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Publication numberUS20070178071 A1
Publication typeApplication
Application numberUS 10/551,317
PCT numberPCT/US2004/009922
Publication dateAug 2, 2007
Filing dateMar 31, 2004
Priority dateApr 1, 2003
Also published asCA2521217A1, CA2521217C, CA2784829A1, CA2809195A1, CA2809195C, DE602004029337D1, EP1608411A2, EP1608411A4, EP1608411B1, EP2263698A1, EP2335738A1, US8603462, US20140086886, WO2004090112A2, WO2004090112A3, WO2004090112B1
Publication number10551317, 551317, PCT/2004/9922, PCT/US/2004/009922, PCT/US/2004/09922, PCT/US/4/009922, PCT/US/4/09922, PCT/US2004/009922, PCT/US2004/09922, PCT/US2004009922, PCT/US200409922, PCT/US4/009922, PCT/US4/09922, PCT/US4009922, PCT/US409922, US 2007/0178071 A1, US 2007/178071 A1, US 20070178071 A1, US 20070178071A1, US 2007178071 A1, US 2007178071A1, US-A1-20070178071, US-A1-2007178071, US2007/0178071A1, US2007/178071A1, US20070178071 A1, US20070178071A1, US2007178071 A1, US2007178071A1
InventorsChristof Westenfelder
Original AssigneeChristof Westenfelder
Export CitationBiBTeX, EndNote, RefMan
External Links: USPTO, USPTO Assignment, Espacenet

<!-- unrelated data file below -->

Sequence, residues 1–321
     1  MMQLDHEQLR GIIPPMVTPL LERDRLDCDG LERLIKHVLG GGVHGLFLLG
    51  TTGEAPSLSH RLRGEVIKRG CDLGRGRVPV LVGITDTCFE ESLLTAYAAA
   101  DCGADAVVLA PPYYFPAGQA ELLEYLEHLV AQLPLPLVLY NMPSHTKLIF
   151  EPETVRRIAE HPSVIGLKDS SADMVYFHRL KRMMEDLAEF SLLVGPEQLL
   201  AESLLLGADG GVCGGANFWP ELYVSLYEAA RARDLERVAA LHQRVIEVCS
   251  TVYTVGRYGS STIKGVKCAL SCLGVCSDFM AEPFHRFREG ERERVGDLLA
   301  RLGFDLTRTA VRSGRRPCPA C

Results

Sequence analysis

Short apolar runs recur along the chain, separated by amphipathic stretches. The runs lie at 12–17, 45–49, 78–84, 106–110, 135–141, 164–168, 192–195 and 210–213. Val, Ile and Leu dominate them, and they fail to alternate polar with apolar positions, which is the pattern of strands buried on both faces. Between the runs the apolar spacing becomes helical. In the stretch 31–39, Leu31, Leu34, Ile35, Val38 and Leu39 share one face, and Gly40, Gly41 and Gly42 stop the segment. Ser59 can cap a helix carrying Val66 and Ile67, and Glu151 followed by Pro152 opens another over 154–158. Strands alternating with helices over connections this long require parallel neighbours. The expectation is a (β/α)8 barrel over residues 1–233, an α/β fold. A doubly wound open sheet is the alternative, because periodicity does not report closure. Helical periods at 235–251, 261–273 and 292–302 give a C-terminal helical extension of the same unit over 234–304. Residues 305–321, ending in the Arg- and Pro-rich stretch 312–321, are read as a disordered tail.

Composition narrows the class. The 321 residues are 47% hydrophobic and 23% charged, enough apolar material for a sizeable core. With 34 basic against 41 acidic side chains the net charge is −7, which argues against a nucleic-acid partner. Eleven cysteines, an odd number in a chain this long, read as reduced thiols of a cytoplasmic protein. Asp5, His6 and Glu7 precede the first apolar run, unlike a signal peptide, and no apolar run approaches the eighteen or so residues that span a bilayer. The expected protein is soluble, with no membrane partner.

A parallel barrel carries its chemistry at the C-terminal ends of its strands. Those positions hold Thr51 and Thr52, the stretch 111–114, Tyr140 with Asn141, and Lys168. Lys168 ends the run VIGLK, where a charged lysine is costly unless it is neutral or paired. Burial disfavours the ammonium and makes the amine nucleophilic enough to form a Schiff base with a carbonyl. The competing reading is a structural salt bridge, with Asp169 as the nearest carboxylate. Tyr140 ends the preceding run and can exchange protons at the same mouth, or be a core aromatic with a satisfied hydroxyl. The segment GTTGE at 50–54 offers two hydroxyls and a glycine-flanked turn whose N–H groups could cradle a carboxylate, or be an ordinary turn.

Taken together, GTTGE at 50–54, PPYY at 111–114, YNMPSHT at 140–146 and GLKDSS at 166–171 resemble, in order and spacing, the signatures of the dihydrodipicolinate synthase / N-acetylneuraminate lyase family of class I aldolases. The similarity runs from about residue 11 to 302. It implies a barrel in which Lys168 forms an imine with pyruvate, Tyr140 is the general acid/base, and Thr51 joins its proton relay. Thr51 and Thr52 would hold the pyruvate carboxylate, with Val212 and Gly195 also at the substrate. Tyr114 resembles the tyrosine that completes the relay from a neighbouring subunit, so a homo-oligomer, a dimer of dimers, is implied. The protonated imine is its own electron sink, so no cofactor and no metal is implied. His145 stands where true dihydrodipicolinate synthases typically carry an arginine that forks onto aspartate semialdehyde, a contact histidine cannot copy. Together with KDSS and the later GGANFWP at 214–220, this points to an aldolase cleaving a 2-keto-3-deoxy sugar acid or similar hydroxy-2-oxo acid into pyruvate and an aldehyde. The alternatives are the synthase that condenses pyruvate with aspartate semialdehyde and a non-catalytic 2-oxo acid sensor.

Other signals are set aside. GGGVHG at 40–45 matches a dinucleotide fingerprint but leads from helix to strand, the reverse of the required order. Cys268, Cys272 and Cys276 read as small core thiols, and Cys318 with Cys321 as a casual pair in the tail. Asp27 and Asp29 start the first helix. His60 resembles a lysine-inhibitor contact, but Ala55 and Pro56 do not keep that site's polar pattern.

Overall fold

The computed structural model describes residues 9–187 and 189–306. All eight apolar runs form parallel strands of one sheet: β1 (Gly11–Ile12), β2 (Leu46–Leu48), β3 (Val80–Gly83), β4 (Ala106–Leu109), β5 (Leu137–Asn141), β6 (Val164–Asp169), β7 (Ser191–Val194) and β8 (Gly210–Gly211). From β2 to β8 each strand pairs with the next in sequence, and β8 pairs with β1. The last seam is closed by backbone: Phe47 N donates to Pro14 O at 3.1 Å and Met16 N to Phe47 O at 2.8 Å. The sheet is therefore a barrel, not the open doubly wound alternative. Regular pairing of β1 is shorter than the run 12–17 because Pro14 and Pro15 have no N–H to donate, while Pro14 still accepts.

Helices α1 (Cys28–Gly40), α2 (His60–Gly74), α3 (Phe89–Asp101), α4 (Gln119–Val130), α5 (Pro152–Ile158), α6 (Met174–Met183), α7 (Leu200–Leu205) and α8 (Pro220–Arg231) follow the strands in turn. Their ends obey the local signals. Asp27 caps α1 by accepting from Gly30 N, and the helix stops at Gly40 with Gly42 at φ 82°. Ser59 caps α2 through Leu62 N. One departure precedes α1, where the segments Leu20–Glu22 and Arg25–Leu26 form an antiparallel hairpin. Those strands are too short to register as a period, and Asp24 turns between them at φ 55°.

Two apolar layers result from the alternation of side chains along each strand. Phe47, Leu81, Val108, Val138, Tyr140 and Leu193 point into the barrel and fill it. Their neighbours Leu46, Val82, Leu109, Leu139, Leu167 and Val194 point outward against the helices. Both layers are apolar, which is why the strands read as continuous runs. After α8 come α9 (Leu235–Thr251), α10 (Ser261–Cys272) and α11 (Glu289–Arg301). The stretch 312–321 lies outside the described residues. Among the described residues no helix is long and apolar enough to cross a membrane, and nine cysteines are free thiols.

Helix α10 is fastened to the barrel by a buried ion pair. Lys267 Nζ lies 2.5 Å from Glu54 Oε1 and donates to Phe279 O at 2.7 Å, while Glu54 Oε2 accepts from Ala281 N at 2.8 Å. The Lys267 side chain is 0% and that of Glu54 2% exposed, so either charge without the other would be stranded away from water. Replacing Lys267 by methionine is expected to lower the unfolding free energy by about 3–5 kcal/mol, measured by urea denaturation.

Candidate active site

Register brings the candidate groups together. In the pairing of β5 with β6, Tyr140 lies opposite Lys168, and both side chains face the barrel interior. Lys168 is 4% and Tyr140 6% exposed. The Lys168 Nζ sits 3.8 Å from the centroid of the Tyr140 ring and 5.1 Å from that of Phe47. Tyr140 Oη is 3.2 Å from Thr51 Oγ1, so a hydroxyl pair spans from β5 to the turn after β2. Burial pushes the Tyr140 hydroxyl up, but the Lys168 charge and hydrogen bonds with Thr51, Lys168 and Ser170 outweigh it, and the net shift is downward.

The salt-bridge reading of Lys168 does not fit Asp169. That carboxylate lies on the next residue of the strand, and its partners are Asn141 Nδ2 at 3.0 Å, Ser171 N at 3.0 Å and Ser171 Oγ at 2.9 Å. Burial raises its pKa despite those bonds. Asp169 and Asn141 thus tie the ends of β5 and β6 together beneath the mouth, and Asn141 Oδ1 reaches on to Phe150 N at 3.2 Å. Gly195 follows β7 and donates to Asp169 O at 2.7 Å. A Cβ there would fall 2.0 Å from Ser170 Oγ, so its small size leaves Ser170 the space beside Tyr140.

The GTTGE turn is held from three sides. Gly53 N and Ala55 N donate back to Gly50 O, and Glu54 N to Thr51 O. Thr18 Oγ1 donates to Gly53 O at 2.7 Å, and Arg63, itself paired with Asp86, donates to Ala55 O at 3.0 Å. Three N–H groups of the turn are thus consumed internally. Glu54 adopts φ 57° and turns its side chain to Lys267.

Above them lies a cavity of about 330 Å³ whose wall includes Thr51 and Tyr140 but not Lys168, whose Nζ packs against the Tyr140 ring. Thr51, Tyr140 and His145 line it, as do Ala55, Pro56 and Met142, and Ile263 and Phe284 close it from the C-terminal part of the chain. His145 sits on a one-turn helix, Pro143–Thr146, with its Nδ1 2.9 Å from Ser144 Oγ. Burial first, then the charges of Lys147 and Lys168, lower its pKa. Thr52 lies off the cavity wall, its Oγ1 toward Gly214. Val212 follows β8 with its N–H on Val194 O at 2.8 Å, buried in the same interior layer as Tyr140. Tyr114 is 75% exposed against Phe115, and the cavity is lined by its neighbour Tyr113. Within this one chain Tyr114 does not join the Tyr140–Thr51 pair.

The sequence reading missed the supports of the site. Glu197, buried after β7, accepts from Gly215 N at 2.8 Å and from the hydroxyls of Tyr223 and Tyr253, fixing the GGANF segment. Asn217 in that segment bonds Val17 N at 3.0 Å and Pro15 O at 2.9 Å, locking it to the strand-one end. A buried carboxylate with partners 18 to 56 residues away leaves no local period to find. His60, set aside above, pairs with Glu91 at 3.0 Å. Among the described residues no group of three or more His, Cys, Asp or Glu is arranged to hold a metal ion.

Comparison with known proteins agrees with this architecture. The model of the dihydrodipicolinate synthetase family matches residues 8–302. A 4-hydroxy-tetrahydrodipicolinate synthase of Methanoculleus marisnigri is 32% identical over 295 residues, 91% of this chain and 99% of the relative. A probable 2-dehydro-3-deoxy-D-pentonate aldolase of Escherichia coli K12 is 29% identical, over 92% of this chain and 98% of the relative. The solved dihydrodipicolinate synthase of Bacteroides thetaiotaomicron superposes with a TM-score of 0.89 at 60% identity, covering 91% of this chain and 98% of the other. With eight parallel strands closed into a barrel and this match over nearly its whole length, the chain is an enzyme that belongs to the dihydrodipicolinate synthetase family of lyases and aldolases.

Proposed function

Stem-cell, precursor cell, or target cell-based treatment of multiorgan failure and renal dysfunction
US 20070178071 A1
Abstract
Methods for the treatment of acute renal failure, multi-organ failure, early dysfunction of kidney transplant, chronic renal failure, organ dysfunction, and wound healing are provided. The methods include delivering a therapeutic amount of hematopoietic stem cells, non-hematopoietic, mesenchymal stem cells, hemangioblasts, and pre-differentiated cells to a patient in need thereof.
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Claims(33)
1. A method of treating multi-organ failure, kidney dysfunction, or wound healing, said method comprising delivering a therapeutic amount of stem cells to a patient in need thereof.
2. The method of claim 1 wherein said stem cells comprise hematopoeitic stem cells.
3. The method of claim 1 wherein said stem cells comprise mesenchymal stem cells.
4. The method of claim 1 wherein said stem cells comprise hemangioblasts.
5. The method of claim 1 wherein said stem cells comprise non-hematopoeitic stem cells.
6. The method of claim 1 wherein said stem cells comprise non-transformed stem cells.
7. The method of claim 1 wherein said stem cells comprise genetically modified stem cells, wherein protective potency of said cells is augmented by genetic modification prior to administration in a patient in need thereof.
8. The method of claim 1 wherein said stem cells comprise autologous cells.
9. The method of claim 1 wherein said stem cells comprise allogeneic cells.
10. The method of claim 1 wherein said kidney dysfunction comprises acute renal failure, early dysfunction of kidney transplant, or chronic renal failure.